Alice’s Adventures in Wonderland by Lewis Carroll Menu
- Main Characters
- Points to Ponder
- Interesting Facts
- Chapters 1 and 2 Summary
- Chapters 3 and 4 Summary
- Chapters 5 and 6 Summary
- Chapters 7 and 8 Summary
- Chapters 9 and 10 Summary
- Chapters 11 and 12 Summary
Chapter 9 – The Mock Turtle’s Story
The Duchess has been brought to the party by the executioner, but he seems to have lost track of her while looking for the Cheshire Cat’s missing head. She is very glad to see Alice, and walks around for a while with her arm in Alice’s. Alice is pleased the Duchess is in such a good mood — maybe it was only the pepper in her kitchen that made her so mean, she thinks — but is also a little uncomfortable with the Duchess’s extreme friendliness, and the way she finds morals in everything.
The Queen of Hearts finds them, and orders the Duchess to leave or be beheaded. The Duchess (naturally) quickly disappears. Alice follows the Queen back to the croquet party, but within half an hour, all the guests except Alice herself have been rounded up and sentenced to execution. The Queen suddenly decides that Alice must meet somebody called the Mock Turtle and hear his story, so she leads Alice off to find him. To her relief, Alice hears the King quietly pardoning all the prisoners as she and the Queen walk away.
The Queen leads her to a Gryphon, which is lying asleep in the sun. (A Gryphon — also spelled “griffin” — is a mythological animal with the head and wings of an eagle and the body and legs of a lion.) The Gryphon, watching the Queen leave, chuckles and assures Alice that no one ever really gets executed — the Queen only thinks they do. Then it leads Alice to the Mock Turtle, which is sitting sadly on a ledge of rock and sighing in despair. (The Mock Turtle is a strange, made-up animal, part turtle and part cow. For an explanation of how Lewis Carroll came up with it, you can look at the “Character Analyses” section of this study guide.)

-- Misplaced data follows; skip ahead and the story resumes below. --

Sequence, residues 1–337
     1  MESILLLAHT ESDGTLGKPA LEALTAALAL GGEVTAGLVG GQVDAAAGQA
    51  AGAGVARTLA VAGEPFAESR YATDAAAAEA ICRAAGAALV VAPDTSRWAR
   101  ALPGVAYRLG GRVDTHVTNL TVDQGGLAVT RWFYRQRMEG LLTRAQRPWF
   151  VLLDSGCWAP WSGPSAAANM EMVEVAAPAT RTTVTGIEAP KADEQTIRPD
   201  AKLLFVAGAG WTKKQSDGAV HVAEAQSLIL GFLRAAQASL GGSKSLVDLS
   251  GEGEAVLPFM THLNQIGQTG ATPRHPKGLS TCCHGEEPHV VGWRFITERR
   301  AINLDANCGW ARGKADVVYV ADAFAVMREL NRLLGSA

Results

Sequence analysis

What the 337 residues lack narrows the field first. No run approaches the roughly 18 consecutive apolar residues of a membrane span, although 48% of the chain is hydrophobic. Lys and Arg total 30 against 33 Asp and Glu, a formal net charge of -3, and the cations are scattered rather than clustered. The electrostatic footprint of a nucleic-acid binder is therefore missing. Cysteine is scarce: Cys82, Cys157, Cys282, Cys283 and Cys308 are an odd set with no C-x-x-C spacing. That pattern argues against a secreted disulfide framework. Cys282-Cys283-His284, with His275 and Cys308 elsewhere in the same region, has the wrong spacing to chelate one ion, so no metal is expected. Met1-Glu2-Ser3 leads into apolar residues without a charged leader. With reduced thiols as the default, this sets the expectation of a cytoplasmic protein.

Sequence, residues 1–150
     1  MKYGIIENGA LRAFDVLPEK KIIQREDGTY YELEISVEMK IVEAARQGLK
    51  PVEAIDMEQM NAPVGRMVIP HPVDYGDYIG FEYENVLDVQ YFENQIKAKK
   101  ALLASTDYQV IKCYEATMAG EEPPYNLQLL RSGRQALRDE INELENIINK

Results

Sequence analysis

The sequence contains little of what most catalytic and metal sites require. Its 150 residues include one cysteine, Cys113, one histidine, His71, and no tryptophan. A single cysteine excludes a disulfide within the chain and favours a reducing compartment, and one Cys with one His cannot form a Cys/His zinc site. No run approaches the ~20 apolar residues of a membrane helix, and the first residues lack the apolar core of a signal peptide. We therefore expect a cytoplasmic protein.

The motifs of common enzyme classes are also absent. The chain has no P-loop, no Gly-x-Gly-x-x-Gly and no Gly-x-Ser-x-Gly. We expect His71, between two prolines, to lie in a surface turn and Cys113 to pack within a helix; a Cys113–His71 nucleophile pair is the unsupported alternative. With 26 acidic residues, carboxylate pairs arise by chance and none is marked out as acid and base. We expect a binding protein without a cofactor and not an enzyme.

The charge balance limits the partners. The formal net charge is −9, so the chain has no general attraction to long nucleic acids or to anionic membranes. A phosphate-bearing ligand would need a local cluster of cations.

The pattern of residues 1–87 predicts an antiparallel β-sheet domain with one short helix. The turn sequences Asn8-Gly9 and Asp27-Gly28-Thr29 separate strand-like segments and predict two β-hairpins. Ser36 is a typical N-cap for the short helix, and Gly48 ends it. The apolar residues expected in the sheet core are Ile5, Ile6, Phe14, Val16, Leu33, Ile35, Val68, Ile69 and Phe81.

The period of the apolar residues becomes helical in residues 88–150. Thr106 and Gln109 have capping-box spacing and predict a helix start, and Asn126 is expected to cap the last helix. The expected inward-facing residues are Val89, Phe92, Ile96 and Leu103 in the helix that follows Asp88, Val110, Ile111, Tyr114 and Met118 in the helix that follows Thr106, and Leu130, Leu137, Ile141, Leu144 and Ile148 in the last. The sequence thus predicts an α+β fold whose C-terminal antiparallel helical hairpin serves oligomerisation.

The Mock Turtle tells Alice its story, which is all about how much it misses its childhood, when it was a real turtle and went to school in the ocean. (It seems the Gryphon also went to school with it — which seems a little strange for an eagle-lion! — but this is never fully explained.) Sighing and sobbing in a heartbroken way, the Mock Turtle tells Alice about the classes it used to go to. The whole story is full of puns: for instance, the Turtle’s math class used to study “Ambition, Distraction, Uglification and Derision” (say them out loud and you’ll see what Carroll really means).
At the end of its story, the Turtle explains to Alice that it used to go to school for fewer and fewer hours every day — according to the Turtle, lessons are called “lessons” because they “lessen” every day — so it had classes for ten hours the first day, nine hours the second, and so on. Alice naturally asks what happened on the eleventh day, but the Gryphon interrupts her and instructs the Turtle to tell Alice about some of the games they used to play.
Chapter 10 – The Lobster Quadrille
Still weeping and sobbing periodically, the Mock Turtle — with the Gryphon’s help — describes a dance which, it seems, was very popular when they were at school. The dance is called a Lobster Quadrille, and it involves marine animals dancing with lobsters on the beach, then throwing them out into the ocean, swimming out after them, bringing them back in, and dancing some more. (“The quadrille” was the name of a very complicated, and very fashionable, dance of Lewis Carroll’s time; this is presumably a similar dance, only with lobsters.) The Gryphon and the Turtle demonstrate the dance for Alice, while the Turtle sings the song that goes with it. This song involves a whiting (a kind of fish) inviting a snail to join the quadrille; its repeated chorus asks “Will you, won’t you, will you, won’t you, won’t you join the dance?”
After some more punning conversation about fish, shoes, and life above and below the ocean, the Gryphon and Mock-Turtle ask Alice to tell them about her own adventures. Alice starts to tell them about everything that has happened to her, but when she gets to the part about reciting the poem to the Caterpillar (this was back in Chapter 5), they are very interested, and ask her to recite another poem to see if this also comes out wrong.
Alice tries to recite a moralistic, anti-laziness poem which begins, “‘Tis the voice of the sluggard.” But when she tries to say it out loud, it comes out, “‘Tis the voice of the Lobster: I heard him declare / ‘You have baked me too brown, I must sugar my hair,'” and gets more nonsensical from there. The second stanza turns out to be an alarming story about an Owl and a Panther sharing a pie. Poor Alice gives up in despair, wondering if anything is ever going to happen normally again.
The Gryphon asks if Alice would rather see some more of the Lobster Quadrille, or hear the Mock Turtle sing another song. Alice eagerly requests a song (she wants no more of the Lobster Quadrille!) The Mock Turtle sings a very sad song about turtle soup, whose chorus goes, “Beautiful Soup! Soup of the evening, beautiful Soup!” Just as the Mock Turtle is starting to sing it a second time, a voice is heard far in the distance, yelling, “The trial’s beginning!” The Gryphon grabs Alice’s hand, shouts “Come on!” and rushes off with her toward the voice, leaving the Mock Turtle singing disconsolately behind them.